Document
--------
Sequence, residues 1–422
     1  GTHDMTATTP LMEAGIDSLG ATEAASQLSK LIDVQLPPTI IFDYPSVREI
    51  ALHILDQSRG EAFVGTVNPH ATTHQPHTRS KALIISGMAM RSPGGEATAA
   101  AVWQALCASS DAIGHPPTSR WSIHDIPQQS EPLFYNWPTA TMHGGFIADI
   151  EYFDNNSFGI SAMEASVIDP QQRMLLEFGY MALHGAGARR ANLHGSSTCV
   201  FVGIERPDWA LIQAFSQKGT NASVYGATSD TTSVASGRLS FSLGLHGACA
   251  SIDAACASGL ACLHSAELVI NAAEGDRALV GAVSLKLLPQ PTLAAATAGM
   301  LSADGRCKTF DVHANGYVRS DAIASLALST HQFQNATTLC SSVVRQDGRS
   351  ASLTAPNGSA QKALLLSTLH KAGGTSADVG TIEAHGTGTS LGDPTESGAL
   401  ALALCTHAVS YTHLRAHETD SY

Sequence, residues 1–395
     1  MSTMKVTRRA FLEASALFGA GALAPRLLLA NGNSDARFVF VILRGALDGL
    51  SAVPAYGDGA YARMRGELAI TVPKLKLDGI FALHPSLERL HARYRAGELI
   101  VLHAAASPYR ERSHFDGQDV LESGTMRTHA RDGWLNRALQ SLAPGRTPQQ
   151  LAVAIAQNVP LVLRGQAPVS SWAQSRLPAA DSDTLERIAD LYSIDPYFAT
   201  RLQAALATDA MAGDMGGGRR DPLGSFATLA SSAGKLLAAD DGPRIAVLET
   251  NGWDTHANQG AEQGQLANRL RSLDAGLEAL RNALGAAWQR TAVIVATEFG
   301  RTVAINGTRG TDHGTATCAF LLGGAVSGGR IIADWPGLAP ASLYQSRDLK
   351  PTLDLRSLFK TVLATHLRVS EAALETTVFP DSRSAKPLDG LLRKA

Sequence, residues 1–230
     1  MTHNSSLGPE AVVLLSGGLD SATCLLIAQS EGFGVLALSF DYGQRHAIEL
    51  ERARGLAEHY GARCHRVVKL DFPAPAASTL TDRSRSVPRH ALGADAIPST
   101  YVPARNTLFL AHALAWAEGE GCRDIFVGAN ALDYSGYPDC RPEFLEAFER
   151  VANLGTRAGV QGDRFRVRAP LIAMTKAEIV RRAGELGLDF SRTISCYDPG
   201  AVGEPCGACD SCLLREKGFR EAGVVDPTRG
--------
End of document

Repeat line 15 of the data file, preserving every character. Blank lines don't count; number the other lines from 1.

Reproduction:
   151  LAVAIAQNVP LVLRGQAPVS SWAQSRLPAA DSDTLERIAD LYSIDPYFAT